Fall Detection System


In ARCO Research Group, in the context of the European project H2020 Shapes, we are working in a set of solutions to encourage the active ageing and improve the health condition at an advanced age. One of these solutions is a fall detection system that will allow us to automatically detect when a person has fell, in order to provide a prompt response. The system here presented could be a very powerful and useful tool, taking into account that falls are the leading cause of accidental death.


In order to build this system an Intertial Measure Unit (IMU) will be used, specifically a MetamotionR sensor, which was already presented in our preovious recipe, where we explained how to use our library to extract different data from it. This IMU can give us information about the movement with two 3-AXIS sensor, an accelerometer and a gyroscope, but the raw data by itself does not give meaningful information and for this reason we have to preprocess it to get the intended information. This sensor also counts with a magnetometer, that can be useful to calculate the orientation of the sensor, considering the earth’s magnetic field. In our case we have decided to place the sensor in the user’s waist, because it is the center of gravity of a person, and it is sensitive to abrupt changes in the measurements of the IMU when a fall occurs. You can see underneath the sensor and where it has been placed.

We have developed an algorithm which is a mixture of the two types of algorithms used for fall detection, Threshold algorithm and Machine Learning Algorithm. The thresholds algorithm are mainly used in low performance devices. Our threshold algorithm is a Finite State Machine that check if the inertial measures (mainly acceleration) exceed a threshold under certain circumstances, if this requisite is achieved, then a series of features is extracted from the raw data in a window os 1 second. With the previous features, a model is trained to detect whether this can be considered a fall (in our case we are using SVM), so introducing the features extracted to our model we can know if they correspond to a fall. Why do we need a model? Well, this is a good question, and all is about the Activities of Daily Living (ADL).

Along the day, we carry out many different activites that can be tracked by our imus, if we only use a threshold algorithm it is possible that a lot of activites that do not involve a fall can overpass the selected threshold, leading to a false positive. To avoid this scenarios, a model previously trained with labeled data can help us to reduce this false-positive case. At the same time, the threshold algoritm can act as a filter, in order to avoid a frequent extraction of features and evaluations by the model.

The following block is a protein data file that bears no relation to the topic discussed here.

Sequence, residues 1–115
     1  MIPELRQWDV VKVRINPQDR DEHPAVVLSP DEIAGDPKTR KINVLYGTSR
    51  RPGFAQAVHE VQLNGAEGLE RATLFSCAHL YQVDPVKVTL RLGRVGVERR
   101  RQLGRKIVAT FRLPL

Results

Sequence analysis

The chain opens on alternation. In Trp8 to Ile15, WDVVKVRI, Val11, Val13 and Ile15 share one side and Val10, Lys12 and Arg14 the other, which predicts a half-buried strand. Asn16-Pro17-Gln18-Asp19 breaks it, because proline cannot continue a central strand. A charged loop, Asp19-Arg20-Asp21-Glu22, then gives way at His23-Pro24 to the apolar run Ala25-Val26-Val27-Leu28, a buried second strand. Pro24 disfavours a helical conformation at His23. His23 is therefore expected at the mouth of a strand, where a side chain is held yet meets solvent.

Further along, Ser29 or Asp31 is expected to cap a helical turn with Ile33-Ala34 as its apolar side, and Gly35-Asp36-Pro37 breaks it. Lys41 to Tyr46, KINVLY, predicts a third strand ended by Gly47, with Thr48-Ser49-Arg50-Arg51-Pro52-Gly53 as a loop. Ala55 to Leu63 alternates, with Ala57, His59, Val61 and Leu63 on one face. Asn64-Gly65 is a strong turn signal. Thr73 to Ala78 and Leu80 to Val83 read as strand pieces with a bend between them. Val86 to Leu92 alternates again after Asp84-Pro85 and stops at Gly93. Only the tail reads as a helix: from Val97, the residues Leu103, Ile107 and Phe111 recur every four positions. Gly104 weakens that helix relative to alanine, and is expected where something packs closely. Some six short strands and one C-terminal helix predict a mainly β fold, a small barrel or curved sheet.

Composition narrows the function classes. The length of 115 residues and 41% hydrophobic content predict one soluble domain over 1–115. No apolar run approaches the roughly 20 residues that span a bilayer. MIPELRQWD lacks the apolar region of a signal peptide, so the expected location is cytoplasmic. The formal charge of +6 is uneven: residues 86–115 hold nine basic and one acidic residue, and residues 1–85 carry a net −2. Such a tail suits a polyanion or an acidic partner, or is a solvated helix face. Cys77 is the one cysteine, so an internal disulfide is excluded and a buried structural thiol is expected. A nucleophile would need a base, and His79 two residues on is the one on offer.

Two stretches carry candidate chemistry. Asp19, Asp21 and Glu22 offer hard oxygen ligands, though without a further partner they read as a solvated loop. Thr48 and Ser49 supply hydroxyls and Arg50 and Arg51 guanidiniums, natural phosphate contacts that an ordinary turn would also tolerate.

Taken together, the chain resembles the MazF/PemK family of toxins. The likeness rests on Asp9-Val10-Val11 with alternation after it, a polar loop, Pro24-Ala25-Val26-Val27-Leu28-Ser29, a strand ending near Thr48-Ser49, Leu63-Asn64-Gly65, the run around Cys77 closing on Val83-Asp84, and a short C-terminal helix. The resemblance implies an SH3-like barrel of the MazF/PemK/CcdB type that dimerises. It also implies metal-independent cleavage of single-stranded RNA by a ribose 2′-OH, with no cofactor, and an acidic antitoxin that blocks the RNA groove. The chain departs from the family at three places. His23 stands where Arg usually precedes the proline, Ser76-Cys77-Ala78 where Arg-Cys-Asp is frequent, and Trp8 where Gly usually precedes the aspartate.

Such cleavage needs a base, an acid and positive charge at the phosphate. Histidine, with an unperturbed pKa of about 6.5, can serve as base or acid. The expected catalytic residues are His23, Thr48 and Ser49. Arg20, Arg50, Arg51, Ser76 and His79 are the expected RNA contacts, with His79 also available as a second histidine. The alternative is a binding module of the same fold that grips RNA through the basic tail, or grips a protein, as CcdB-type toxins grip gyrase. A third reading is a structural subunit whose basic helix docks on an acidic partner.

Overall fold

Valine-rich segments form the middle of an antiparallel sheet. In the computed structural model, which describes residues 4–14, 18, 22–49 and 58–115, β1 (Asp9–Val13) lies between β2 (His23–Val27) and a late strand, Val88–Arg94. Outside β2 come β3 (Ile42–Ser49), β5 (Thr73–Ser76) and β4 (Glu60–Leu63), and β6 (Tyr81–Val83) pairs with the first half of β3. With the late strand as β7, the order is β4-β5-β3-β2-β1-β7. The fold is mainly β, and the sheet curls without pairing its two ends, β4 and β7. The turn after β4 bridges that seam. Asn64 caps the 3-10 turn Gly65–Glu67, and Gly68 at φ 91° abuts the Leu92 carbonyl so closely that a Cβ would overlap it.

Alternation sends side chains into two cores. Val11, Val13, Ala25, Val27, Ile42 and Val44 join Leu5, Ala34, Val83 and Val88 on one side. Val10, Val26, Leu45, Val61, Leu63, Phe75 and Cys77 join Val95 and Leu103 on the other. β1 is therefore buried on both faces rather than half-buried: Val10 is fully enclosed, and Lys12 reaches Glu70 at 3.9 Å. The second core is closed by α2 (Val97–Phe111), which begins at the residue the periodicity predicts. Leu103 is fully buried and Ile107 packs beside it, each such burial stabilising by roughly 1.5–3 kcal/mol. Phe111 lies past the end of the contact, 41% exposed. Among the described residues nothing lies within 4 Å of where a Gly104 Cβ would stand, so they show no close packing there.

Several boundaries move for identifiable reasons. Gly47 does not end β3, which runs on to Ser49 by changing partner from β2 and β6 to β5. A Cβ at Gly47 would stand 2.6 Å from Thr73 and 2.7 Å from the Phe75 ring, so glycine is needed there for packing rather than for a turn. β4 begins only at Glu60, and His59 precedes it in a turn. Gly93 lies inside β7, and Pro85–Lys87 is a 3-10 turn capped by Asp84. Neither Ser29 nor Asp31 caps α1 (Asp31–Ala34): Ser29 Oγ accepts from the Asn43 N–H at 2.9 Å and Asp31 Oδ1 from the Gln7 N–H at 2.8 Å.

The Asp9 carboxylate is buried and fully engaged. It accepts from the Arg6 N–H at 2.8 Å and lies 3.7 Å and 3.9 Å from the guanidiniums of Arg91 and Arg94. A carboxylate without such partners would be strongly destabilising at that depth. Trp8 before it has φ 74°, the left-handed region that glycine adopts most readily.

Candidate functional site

In the data collection, the most important ADL identified that can cause a false positive are the following:

To train the model, we have collected data from the previous ADLs and the following falls:

All the falls have been made using a mattress, you may think that using a mattress could alter the data, but not using it would also alter it, because pretend falls would be performed with fear. We concluded that the best approach was to use a mattress because the data is less altered due to more natural falls.

Training model

At this point, we are using only one subject for both training and testing. The environment where the data has being collected was the ARCO Research Group’s lab, located in the Technology and System Information Institute (ITSI). Following you can see the mattress used for the falls.

The activities carried out in the collection are these:

With this data, we have trained the SVM model that is going to be used for testing purpose.

Testing algorithm

For testing purpose, training activities have been repeated in the following way:

In the next table you can see the results:

Exercise True Positive True Negative False Positive False Negative
Hitting the sensor 3
Jumping 3
Running 3
Sitting on a chair 3
Front fall 3
Left-side fall 3
Right-side fall 3
Backward fall 2 1

As you can see, almost all the results are the expected, with the exception of one backward fall, which produce a wrong result. It has to be noted that the tests were made with the same subject used for training the model. To summarize, our system with the tests made has a reliability of 95,83%. In future works, we are going to collect data from more subjects, create a more complete battery of tests, and finally deploy this solutions in a real environment, monitoring the residents from the nursing home El Salvador in order to test our system.